Grigory Pasko never set out to be a crusader for press freedom. But that is what the former naval officer became when the Russian secret security services arrested him and slapped him in jail on espionage charges in November 1997. Nearly four years later, he is still fighting for his freedom, and for the right of Russian journalists to work without interference from the state. Pasko was an investigative reporter with Boyevaya Vakhta (Battle Watch), a newspaper published by the Russian Pacific Fleet. A career navy officer and military journalist, he worked in the fleet’s home port of Vladivostok in the remote Far East. In 1993, he filmed a Russian navy tanker dumping radioactive waste in the Sea of Japan, footage which was later shown on local Russian television and on the Japanese TV network NHK. In a series of articles published in Boyevaya Vakhta, and in the Japanese daily Asahi Shimbun, Pasko went on to expose the fleet’s illegal dumping of liquid and solid nuclear waste off the coast of Vladivostok. He wrote about the threat that the environmental hazards posed to the public’s health and claimed that high-level corruption in the naval command and a shortage of money was responsible for the practice. FSB operatives arrested Pasko on charges of treason and passing classified documents to Japanese agents. He spent nearly 20 months in prison awaiting trial, and was finally acquitted of treason in July 1999. He received a three-year sentence for abusing his authority as an officer, but was released under an amnesty program. The story could have ended there, but Pasko resolved to seek full acquittal and appealed the verdict. His determination was fuelled by a growing sense that Russia’s hard-won gains in free speech were under attack, and that he had a duty to defend his colleagues: “This is my work, my conviction, and I am convinced of victory,” he says. “If I fail in this, then I shall harm other journalists who pursue their profession with courage. I must demonstrate that it is possible to be professional and not to have fear of the KGB or prison.” Many Russian journalists and environmentalists have good reason to fear. The New York-based Committee to Protect Journalists has catalogued an alarming assault on press freedom since President Vladimir Putin came to power in March 2000. A new atmosphere of secrecy pervades under the former KGB chief, in which loyalty to the state is paramount. Journalists who go against the Kremlin line are branded traitors, whether their subject is Chechnya or environmental hazards. Professor Alexei Yablokov, president of the Center for Russian Environmental Policy in Moscow, says Pasko is an outstanding environmental journalist – and the first to reveal data about the Pacific Fleet’s illegal polluting of the seas. For many years, Yablokov advised the Yeltsin government on environmental issues, and he is alarmed by ever increasing restrictions on the public’s right to information. “Secrecy about the environment is growing fast. Putin is associated with the police state, and the Pasko case matters because only the rise of a civil society can prevent that from happening,” he said. Yablokov works closely with the environmentalist Alexander Nikitin, who suffered an almost five-year-long persecution. Nikitin was arrested in 1996 and charged with treason for contributing to a Norwegian environmental group’s report on the Northern Fleet’s mishandling of its nuclear waste. He was acquitted in December 1999, after an international campaign spearheaded by Bellona, the Norwegian group. The Nikitin and Pasko cases send “a strong warning” to Russian journalists, according to Alexei Simonov, president of the Glasnost Defense Foundation in Moscow. “Their fate is a vivid example of what will happen to those who seek to expose that which the state would like to keep secret,” he said. In Vladivostok, the military prosecutors were determined to put Pasko back behind bars, and they, too, pushed for a retrial. In November 2000, the Russian Supreme Court cancelled the court’s verdict, saying that its decision was “incomplete, biased and ill-founded.” This time around Pasko is not in jail, though his passport has been confiscated and he has no possibility to work. International PEN has taken up Pasko’s cause, since the journalist is also a poet and author of short stories. Amnesty International adopted him as a prisoner of conscience, and press freedom groups in Russia and throughout the world are highlighting his case. The retrial was eventually set for June 2001, and I was part of a delegation from the Committee to Protect Journalists that flew to Vladivostok to observe the opening of proceedings. At 10 a.m., we arrived at the Military Court, only to be informed that the trial was postponed. Along with Pasko’s lawyers, we denounced the delay as a tactic designed to wear down defense resources and morale. At a press conference later that day, Pasko told reporters: “I’m tired of this process. I want this disgraceful case to end as soon as possible. Everyone already knows that there are no spies and no crimes in this affair.” The trial finally got under way on July 11 and is expected to last until at least the end of October. Like the first, it is being held in secret in a military court, raising questions about its independence and impartiality. If convicted, Pasko faces a sentence of 12 to 20 years in prison, and the journalist, now 39, is guarded about the outcome of proceedings. Thousands of miles from Moscow in the once closed city of Vladivostok, a battle is being waged. On one side are those who believe Russia’s national security is under threat from within, and on the other those who believe citizens have a right to know when officials are breaking laws and people’s health is endangered. The outcome of the trial will have far-reaching consequences not only for the future of press freedom in Russia, but also for its hopes for democracy.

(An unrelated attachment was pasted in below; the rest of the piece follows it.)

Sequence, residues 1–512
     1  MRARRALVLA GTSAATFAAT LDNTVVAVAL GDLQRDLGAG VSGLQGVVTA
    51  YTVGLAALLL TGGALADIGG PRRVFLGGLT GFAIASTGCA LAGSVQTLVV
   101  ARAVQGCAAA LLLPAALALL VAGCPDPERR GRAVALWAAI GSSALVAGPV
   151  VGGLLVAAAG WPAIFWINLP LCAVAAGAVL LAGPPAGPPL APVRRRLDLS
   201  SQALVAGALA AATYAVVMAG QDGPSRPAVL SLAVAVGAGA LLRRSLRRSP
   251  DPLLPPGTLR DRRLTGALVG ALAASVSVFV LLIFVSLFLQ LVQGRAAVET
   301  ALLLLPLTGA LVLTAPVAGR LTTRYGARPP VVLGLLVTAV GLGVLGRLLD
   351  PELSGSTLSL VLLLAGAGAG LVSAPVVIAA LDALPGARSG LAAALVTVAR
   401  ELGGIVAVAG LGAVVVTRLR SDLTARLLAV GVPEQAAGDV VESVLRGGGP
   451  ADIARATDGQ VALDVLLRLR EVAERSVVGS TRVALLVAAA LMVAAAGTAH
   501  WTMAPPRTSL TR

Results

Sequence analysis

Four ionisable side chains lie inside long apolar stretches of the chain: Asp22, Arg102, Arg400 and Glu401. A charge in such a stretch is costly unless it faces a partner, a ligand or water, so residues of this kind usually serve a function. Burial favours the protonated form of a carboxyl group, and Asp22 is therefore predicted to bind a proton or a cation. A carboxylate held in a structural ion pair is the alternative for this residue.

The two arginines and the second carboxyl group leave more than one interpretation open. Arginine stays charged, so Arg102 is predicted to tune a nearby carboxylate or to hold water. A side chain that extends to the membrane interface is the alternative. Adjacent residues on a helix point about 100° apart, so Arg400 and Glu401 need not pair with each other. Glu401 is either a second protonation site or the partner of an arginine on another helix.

Emma Gray is a Europe and Central Asia program consultant for the Committee to Protect Journalists.